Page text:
Harrods has officially unveiled its new Grand Entrance Hall and escalators, a year-long investment project designed by Make Architects.

The £20m investment project has seen the entire redesign of the Grand Entrance Hall and adjoining escalators, and is the most complex refurbishment of the Grade II listed building ever attempted.

The hall was originally built in 1939 by JL Harvey. The concept for Make’s design took inspiration from the Harrods archives, and celebrates the historic architecture of the original building. Layers of post-1930s refurbishments have been stripped away to reveal the original features, and new contemporary interpretations of the materials and finishes have been applied to complement the art deco design, concentrating on the themes of permanence, longevity and elegance.

The simple move to flip the configuration of escalators, thereby mirroring their previous position, has resulted in better circulation and clear sightlines to upper and lower floors, opening up the grand entrance and enticing people into the halls. Lightwells located on the second and fourth floor landings follow their original 1930s design, and have been restored to provide glimpses of the store all the way from the new lower ground contemporary menswear department to the new glass dome that has replaced the 1980s rooflight.

The 16 new escalators themselves have been designed to be sculptural rather than purely functional, with bespoke ribbed and fluted nickel bronze cladding used to define the fluidity and emphasise the movement. Italian White and Black Noir marble provides a robust edge, while an original glass block window that was previously blocked up has been reinterpreted to draw in natural light.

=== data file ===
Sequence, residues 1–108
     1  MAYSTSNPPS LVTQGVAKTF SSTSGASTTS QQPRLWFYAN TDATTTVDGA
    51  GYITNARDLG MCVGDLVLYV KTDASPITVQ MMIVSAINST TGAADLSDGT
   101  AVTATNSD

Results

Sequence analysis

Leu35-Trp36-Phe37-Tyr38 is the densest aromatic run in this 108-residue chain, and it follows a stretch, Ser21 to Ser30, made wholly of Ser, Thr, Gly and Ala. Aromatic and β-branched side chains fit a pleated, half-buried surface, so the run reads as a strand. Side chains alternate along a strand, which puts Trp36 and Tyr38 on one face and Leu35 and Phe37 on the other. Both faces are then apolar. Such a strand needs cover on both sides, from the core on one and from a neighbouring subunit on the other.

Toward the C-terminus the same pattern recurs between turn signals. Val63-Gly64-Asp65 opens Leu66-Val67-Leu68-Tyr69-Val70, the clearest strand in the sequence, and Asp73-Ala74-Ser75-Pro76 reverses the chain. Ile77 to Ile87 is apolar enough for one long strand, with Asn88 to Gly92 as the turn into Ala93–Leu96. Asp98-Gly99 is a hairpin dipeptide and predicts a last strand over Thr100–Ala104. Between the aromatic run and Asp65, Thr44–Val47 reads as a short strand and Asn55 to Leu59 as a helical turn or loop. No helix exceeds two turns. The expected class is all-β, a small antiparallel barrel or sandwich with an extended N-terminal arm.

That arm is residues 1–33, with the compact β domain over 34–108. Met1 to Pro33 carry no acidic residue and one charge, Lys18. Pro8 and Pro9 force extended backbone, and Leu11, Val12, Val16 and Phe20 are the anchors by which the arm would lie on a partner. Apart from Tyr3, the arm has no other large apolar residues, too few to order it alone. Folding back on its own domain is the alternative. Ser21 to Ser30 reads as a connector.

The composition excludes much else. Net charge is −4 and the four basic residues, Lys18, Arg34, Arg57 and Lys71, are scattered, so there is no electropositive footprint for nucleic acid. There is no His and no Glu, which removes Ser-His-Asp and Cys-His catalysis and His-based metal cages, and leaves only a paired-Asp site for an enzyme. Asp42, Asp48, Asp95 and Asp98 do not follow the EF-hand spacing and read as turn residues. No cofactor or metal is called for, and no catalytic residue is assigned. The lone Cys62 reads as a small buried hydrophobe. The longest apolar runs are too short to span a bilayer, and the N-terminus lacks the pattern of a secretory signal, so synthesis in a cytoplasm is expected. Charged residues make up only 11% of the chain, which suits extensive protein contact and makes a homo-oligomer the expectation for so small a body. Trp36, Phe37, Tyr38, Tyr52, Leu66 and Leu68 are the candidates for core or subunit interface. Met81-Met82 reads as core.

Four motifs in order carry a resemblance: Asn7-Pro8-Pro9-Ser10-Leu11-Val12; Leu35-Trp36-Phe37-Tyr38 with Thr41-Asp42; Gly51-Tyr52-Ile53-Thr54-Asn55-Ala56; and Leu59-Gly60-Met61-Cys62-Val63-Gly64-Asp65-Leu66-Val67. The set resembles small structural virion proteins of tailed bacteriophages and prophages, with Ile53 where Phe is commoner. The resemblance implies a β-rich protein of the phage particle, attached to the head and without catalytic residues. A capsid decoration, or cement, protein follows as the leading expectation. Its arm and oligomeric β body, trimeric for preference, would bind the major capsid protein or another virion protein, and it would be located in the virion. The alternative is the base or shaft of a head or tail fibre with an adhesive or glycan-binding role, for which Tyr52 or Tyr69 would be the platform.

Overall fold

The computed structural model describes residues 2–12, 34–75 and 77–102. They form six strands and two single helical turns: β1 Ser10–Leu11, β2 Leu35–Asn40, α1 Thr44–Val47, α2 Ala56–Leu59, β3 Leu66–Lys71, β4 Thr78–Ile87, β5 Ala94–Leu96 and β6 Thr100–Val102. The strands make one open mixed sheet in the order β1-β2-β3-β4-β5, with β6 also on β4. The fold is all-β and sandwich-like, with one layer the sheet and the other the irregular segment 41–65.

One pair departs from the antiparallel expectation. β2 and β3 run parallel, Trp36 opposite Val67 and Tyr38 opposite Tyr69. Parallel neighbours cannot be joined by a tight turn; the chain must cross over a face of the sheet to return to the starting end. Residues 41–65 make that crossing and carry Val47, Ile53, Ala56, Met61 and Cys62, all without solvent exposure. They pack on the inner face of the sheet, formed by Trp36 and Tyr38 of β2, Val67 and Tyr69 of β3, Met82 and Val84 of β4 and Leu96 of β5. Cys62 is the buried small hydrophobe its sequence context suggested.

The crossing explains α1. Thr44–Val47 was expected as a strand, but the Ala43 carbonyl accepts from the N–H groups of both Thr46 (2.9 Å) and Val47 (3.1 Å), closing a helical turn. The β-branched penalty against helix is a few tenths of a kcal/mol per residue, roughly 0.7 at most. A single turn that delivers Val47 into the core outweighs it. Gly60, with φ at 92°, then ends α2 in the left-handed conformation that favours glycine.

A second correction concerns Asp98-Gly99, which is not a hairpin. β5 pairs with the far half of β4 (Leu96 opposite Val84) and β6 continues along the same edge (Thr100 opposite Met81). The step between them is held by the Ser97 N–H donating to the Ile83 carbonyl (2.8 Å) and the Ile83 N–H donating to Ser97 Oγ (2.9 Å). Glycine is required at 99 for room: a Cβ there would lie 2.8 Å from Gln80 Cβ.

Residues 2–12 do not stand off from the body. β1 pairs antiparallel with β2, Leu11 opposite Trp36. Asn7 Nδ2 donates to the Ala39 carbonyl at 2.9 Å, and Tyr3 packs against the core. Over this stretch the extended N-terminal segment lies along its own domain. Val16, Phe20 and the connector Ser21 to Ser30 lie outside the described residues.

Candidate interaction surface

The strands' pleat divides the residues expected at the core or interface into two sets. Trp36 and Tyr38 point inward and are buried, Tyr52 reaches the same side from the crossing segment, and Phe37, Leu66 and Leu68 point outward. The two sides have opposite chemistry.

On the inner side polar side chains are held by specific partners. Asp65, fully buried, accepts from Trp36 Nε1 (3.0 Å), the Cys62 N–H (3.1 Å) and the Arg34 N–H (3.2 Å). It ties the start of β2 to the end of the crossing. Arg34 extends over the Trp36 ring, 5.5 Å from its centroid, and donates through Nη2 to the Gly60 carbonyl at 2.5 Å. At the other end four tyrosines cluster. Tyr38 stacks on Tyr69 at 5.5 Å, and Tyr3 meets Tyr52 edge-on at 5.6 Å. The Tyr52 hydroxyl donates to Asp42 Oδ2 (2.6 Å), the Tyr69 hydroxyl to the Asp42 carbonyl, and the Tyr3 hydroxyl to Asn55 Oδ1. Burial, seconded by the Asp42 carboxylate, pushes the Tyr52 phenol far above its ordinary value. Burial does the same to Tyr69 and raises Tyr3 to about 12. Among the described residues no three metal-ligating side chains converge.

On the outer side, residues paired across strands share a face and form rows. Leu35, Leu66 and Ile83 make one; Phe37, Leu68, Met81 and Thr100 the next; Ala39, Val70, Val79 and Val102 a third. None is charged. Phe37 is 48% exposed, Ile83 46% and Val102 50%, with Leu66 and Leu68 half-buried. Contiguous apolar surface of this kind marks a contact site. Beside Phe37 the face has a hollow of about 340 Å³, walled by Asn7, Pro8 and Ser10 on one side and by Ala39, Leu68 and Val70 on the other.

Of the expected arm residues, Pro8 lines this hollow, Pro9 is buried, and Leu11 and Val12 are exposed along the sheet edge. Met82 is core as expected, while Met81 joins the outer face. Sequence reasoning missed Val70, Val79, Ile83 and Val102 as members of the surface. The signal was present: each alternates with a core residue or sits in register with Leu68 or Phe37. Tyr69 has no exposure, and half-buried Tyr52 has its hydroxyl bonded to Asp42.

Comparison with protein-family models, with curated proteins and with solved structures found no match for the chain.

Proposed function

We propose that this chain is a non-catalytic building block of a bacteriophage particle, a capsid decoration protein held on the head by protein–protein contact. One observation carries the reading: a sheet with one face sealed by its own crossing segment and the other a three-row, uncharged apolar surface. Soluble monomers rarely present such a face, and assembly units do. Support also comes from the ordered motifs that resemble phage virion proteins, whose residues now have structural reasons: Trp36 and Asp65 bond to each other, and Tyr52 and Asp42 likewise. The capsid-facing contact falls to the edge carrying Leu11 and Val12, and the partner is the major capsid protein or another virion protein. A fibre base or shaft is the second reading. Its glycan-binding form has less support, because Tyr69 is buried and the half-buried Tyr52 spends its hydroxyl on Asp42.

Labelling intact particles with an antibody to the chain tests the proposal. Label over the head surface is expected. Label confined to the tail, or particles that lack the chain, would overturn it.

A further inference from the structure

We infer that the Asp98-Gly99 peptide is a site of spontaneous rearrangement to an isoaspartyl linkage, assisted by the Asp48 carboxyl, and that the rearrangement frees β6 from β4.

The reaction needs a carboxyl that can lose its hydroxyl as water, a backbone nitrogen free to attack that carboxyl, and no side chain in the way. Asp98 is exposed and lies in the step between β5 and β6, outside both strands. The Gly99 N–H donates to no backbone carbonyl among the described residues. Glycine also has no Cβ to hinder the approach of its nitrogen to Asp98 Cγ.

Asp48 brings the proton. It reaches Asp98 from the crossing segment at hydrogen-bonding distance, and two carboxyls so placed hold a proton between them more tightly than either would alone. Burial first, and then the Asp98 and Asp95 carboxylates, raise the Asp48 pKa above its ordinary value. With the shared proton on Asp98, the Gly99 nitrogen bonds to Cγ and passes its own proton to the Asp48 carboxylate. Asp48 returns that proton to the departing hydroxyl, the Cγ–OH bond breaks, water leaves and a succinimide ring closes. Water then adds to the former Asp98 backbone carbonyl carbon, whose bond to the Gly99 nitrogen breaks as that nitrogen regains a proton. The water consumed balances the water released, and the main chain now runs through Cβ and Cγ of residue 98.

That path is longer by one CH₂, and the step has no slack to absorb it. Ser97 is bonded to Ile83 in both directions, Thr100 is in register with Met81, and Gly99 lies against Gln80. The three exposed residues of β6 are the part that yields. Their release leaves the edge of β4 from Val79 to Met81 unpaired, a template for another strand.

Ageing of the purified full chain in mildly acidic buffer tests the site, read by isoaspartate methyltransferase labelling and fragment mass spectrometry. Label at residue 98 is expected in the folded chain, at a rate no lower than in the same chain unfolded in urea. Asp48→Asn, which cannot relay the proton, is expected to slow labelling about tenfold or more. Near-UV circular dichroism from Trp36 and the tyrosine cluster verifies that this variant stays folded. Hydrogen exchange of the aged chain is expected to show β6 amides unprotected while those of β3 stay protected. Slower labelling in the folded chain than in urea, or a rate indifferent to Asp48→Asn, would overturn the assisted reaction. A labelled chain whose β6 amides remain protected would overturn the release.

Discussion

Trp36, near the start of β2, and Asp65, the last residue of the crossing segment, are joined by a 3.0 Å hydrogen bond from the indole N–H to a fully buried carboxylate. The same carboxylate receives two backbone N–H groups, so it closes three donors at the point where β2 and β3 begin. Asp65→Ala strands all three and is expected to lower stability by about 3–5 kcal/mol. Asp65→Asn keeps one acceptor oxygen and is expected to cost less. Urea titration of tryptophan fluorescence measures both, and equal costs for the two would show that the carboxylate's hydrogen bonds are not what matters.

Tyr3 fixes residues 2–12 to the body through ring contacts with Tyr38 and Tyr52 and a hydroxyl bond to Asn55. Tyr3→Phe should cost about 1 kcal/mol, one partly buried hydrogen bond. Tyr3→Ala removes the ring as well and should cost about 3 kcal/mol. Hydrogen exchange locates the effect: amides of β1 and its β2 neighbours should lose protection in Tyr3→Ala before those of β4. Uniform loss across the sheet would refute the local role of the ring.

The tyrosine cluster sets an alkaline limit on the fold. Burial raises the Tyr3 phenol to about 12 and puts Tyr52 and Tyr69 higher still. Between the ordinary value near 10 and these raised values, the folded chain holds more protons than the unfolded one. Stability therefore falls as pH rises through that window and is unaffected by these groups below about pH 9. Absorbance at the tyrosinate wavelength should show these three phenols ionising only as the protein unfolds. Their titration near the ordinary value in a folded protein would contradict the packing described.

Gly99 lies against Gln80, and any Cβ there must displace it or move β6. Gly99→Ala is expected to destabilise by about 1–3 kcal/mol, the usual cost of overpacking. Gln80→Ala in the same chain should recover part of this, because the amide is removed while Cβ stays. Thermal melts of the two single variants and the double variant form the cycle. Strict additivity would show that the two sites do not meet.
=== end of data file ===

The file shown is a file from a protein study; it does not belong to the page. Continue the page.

Tracey Wiles, partner at Make, said: “The design concept celebrates the history and heritage of the store while creating a new 21st-century entrance hall with bespoke, contemporary and robust elements to create a new arrival and journey through Harrods. This is now a worthy grand entrance hall, one that showcases craftsmanship and attention to detail and champions the brand values of Harrods, which are synonymous with timeless elegance.”

Martin Illingworth, Director of Store Development at Harrods, said: “This is one of the most ambitious and complex renovations in Harrods’ history, and we are delighted to open our Grand Entrance Hall doors ahead of the festive season. We took direct inspiration from the Harrods Archives for this redevelopment, tastefully paying homage to the architectural heritage of the brand, but also investing in state of the art digital to enhance the customer experience”.

Harrods and Make worked in close consultation with the Royal Borough of Kensington and Chelsea as well as conservation specialists Hillary Bell to ensure the scheme celebrated and preserved the original heritage architecture.

The original 1930s metalwork and glasswork has been recovered, refurbished and reinstated along with original chandeliers. A replica chandelier has been created to feature in the main triple-height entrance hall.

The project has also created new transitional spaces that link the escalator hall with the retail spaces. Acting as portals, these spaces have integrated signage, and together with the reorientation of the escalators aid connectivity and wayfinding.

About Make

Make is an award-winning international architectural practice with a reputation for challenging convention and pursuing design excellence. Since we opened our doors in 2004, we’ve worked on more than 1,300 projects worldwide covering a wide range of sectors. We’ve delivered 60 built schemes from studios across three continents, including 39 buildings, 14 interiors and refurbishments and seven smaller design projects. We’ve also achieved 95 planning consents and realised 11 masterplans. Our work is inspired by a singular purpose; to design the best buildings, places and spaces in the world.



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